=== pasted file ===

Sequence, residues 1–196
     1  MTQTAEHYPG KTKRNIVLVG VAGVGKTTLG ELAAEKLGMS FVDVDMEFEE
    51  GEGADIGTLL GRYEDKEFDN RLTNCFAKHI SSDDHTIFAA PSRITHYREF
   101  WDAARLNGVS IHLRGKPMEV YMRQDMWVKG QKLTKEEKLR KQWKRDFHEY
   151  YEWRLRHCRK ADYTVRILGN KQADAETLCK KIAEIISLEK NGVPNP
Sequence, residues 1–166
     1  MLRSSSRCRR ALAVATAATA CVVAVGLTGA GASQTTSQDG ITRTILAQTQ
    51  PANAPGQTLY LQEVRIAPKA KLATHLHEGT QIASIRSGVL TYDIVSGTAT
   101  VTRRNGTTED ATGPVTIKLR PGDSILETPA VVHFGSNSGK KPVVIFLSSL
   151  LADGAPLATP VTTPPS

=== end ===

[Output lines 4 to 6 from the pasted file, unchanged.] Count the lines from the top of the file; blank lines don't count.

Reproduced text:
   101  WDAARLNGVS IHLRGKPMEV YMRQDMWVKG QKLTKEEKLR KQWKRDFHEY
   151  YEWRLRHCRK ADYTVRILGN KQADAETLCK KIAEIISLEK NGVPNP
Sequence, residues 1–166